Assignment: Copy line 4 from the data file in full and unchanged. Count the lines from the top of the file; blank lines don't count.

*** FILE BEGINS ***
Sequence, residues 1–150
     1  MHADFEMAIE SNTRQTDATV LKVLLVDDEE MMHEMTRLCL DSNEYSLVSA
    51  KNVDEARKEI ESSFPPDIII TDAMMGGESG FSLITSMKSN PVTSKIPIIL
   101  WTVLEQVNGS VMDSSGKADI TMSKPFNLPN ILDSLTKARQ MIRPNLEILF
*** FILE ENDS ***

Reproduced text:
   101  WTVLEQVNGS VMDSSGKADI TMSKPFNLPN ILDSLTKARQ MIRPNLEILF